One Simple Thing: Great Coffee That Doesn’t Hurt People

| April 13, 2015 | 1 Comment

Time: A few extra minutes on your next trip to the store.
Cost: Costs a bit more, but worth every dime
Benefits: Better taste, health, money, pollution, kindness

If you don’t drink coffee, well, don’t worry about this one. But as coffee is said to be the second most valuable traded commodity in the world (second only to petroleum) and roughly a gazillion people drink it, I’m going to assume that some of you out there might be interested.

Coffee is one of the most hotly debated things around, it seems. There are tribes for Keurig and tribes who roast their own in popcorn poppers; there are the pro-Starbucks and anti-Starbucks camps; there are those who only drink Dunkin Donuts and those who won’t touch coffee if it isn’t Fair Trade, Bird-Friendly, Shade-Grown, Organic, and union-picked.

Like everything else I write about, what you choose is all up to your own personal values and the life you find yourself in. Wherever you fall, today’s One Simple Thing is going to suggest taking one small step up the coffee ladder.

Barracks for indigenous coffee pickers in rural Guatemala (source: miraclesinaction.com)

Most large coffee companies (usually the ones you find in big metal cans at the grocery store) source their beans in third-world nations without much thought to the environmental and social damage caused by their product. The so-called “Green Revolution” in the 70’s and 80’s shifted coffee from a product grown in the understory of living, vibrant forests to one grown as a sunny monoculture, bulldozing forests and saturating the earth with chemical pesticides and fertilizers. It’s truly one of the most poisonous industries on the planet.

People fare even worse. In addition to being exposed to all those poisons, coffee plantation workers can lead really dreadful lives. In some parts of Guatemala, for example, on large plantations it’s necessary for a coffee picker to meet a quota of 100 pounds of coffee cherries in order to receive their minimum pay for the day: less than $3.00. With their earnings, they can go back to their fetid workers’ quarters, often a temporary shelter where they have left small children to fend for themselves all day, and where they may use the same water to cook, bathe, and wash up.

I love coffee, but that sort of thing really takes the joy out it for me. I’m 53, and I’m done causing other people pain so I can enjoy luxuries like coffee.  So.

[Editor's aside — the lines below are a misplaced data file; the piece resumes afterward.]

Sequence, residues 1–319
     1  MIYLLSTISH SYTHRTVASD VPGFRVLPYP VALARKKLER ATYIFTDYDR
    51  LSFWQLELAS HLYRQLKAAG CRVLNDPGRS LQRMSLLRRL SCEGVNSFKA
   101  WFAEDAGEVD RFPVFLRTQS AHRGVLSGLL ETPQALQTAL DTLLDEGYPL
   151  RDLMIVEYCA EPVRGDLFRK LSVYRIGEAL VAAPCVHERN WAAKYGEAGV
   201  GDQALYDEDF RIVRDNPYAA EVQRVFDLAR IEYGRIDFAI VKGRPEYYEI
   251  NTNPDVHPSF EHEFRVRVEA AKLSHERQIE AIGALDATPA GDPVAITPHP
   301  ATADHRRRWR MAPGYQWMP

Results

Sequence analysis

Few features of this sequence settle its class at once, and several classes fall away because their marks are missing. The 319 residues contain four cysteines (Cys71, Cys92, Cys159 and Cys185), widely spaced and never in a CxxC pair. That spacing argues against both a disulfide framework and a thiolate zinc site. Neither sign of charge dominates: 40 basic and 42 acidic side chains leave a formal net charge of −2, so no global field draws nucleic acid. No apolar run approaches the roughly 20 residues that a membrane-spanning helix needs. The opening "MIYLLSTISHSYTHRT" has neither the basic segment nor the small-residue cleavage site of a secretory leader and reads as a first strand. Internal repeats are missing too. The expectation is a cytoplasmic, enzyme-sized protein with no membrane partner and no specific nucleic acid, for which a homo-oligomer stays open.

Today’s action is this: Find yourself a coffee that aligns better with your values, and try it for a week. This can be whatever is important to you: social justice, rainforest protection, anti-Monsanto, you pick. Most grocery stores will offer some sort of alternative of this kind. If yours doesn’t, try a natural-ish grocery store like a Whole Foods Market, Alfalfa’s, Natural Grocers, Hannaford, Trader Joe’s, and the like, or go to a local coffee shop (chain or not). As a last resort, look online.

1) Check out the coffee selection and read the labels. Try to look for actual facts and figures, rather than vague claims like “sustainably grown.” For example, Equal Exchange coffee is clear that “over 98% of (our) coffees are certified organic by volume.” Allegro Coffee (the local coffee we drink) is owned by Whole Foods Market and publishes their “Social Scorecard” to show where their coffee comes from and how they give back. If you’re into Fair Trade, the list scrolling on the right of this page should give you some ideas: http://fairtradeusa.org/products-partners/coffee.

2) If you’re not finding anything, ask. There was a time in my life when I would have felt funny doing this. I don’t any more — I guess I’ve finally reached the crossover point where wanting to feel good about what I buy has eclipsed any inconvenience I might be causing someone by asking to describe what they’re selling me. Sue me.

3) Buy something that resonates with you, and give it a try. Because our coffee costs a little more, we end up drinking less of it, but savoring it more. This is a recurring pattern for our greenly hedonist lives: We’d rather have less of something that’s truly awesome rather than endless buckets of something mediocre. Especially if the latter is causing misery and destruction halfway around the world.

It’s one thing. It’s easy. Go forth and green yourself.

Share

Category: Food, One Simple Thing, Organic, Products (Green and hedonistic), Sustainable

Comments (1)

Trackback URL | Comments RSS Feed

  1. K-TOWN mom says:

    Great post,GH.

Leave a Comment